Celebrating the Art of Celebrating

There are many wonderful ways to make merry in the depths of winter (and they don’t all involve chocolate!) Many are centred around Christmas, but there are other festivals at this time of year too, including the winter solstice which is today, 21st December. So this feels like a good time to share with you some of our favourite festive traditions from around the globe, you could call it a little celebration of celebrations...

In Britain, the winter solstice is most famously welcomed in at Stonehenge. Although the ancient monument is believed to have been built primarily for summer solstice, crowds also gather there at dawn after the longest night of the year to watch the sunrise through the impressive stone circle. Meanwhile, in Vancouver, Canada a more modern winter solstice tradition has evolved; a lantern festival designed to celebrate the start of a new season is now in its 28th year. It features lantern-making workshops, live music and a stunning ‘labyrinth of light’ through which visitors are invited to walk and in the process to let go of the old and embrace the new possibilities of a new season.

Light is common theme in winter celebrations. In Ireland it’s traditional to leave a candle burning in a front window overnight at Christmas, to symbolise welcome, warmth and shelter. Candles and sparklers are also held by those taking part in the ‘Las Posadas’ marches that take place in Mexico and Guatamala every year, re-enacting the journey of Mary and Joseph searching for shelter on the first Christmas night. And of course Christmas lights can be spotted at this time of year not only in windows and on trees but all over buildings and gardens throughout Britain, the USA and across the world.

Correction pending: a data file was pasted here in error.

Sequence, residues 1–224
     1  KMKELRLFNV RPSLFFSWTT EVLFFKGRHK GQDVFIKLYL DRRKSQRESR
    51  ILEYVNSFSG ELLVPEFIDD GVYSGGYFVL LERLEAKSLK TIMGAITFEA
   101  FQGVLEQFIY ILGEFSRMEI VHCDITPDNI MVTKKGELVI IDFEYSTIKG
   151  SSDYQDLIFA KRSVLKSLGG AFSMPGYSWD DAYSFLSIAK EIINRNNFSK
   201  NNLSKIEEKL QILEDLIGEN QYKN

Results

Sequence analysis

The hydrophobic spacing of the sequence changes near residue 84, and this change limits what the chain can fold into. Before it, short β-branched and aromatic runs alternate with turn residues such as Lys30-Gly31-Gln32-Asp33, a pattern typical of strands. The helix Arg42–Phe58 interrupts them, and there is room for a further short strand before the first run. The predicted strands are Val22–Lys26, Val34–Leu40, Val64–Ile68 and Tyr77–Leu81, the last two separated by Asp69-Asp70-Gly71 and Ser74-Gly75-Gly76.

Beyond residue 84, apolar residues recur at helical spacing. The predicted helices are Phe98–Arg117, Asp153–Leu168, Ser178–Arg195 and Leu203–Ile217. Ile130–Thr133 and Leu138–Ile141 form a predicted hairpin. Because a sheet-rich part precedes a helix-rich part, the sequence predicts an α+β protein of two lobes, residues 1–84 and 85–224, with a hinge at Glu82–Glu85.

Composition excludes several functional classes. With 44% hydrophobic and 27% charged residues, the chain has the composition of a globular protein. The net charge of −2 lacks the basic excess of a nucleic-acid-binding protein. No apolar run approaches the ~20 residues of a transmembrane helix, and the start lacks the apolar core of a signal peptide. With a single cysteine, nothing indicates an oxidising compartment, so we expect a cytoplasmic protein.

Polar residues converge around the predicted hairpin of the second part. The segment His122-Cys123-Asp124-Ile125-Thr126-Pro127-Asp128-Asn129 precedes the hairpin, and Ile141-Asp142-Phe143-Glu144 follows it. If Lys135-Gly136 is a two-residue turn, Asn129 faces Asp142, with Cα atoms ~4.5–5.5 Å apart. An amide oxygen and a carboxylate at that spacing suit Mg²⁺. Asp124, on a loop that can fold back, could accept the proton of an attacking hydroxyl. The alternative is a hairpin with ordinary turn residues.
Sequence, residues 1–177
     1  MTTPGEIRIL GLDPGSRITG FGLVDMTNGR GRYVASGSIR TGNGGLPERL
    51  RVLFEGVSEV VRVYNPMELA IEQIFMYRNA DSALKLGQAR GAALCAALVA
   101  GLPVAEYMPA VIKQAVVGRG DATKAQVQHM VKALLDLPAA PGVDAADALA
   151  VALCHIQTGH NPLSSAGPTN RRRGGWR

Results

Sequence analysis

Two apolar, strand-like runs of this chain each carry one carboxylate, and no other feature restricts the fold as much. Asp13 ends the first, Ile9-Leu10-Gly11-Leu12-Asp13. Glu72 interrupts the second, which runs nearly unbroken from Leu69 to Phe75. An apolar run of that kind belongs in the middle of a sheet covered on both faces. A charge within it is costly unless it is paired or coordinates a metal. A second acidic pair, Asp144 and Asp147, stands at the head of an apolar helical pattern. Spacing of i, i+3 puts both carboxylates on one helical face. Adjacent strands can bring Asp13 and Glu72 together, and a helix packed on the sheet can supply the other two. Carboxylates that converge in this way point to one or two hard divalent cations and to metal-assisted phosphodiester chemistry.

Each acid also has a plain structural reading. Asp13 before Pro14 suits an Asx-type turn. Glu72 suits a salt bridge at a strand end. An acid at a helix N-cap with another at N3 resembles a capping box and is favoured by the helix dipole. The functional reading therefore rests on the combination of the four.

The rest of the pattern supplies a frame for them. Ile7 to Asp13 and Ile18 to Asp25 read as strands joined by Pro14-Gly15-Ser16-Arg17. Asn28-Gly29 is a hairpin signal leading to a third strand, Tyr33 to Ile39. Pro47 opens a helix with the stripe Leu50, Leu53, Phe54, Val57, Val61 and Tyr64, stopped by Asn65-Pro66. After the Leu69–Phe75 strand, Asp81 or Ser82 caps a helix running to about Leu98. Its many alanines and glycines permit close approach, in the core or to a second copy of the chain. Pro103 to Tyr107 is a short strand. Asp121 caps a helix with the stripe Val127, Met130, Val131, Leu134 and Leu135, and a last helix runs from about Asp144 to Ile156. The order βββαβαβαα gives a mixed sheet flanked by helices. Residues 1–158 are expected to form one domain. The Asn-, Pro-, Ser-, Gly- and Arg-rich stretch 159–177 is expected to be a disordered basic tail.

More unusual, when it comes to decorations, are the spiders and spider webs you’ll find adorning Christmas trees in Ukraine. The decorations celebrate the legend of the Christmas spider which tells of a poor family who couldn’t afford Christmas decorations but who, on Christmas morning, found their tree decorated by hundreds of delicate spider webs glistening gold and silver in the sunlight. Some say modern day tinsel was created to celebrate this legend too.


A Ukrainian Christmas tree decorated with spider webs 

When it comes to outright fun, we think it’s hard to beat the Venezuelan tradition of roller-skating to mass on Christmas morning! It’s not clear where or when it began (is it because it’s too hot to go sledging?) but the activity has become so popular that in the capital city of Caracas the roads are closed first thing in the morning so that people can roller skate together in safety.

Of course our favourite Christmas traditions involve chocolate and you can’t beat the wonderful Icelandic custom of giving a book and chocolate on Christmas Eve; what could be more cosy?

What are you favourite Christmas traditions? Is there anything you do every year with your friends or family that always makes you smile?

Here at Booja-Booja HQ we love getting creative and having a bit of fun with our ingredients and products. You might remember our advert on the cover of Vegan Food & Living magazine last year, featuring a cocoa powder Christmas tree. This year we’ve been creating Christmas trees from melted chocolate, hazelnuts and even an orange. Perhaps this is a new Christmas tradition in the making! 

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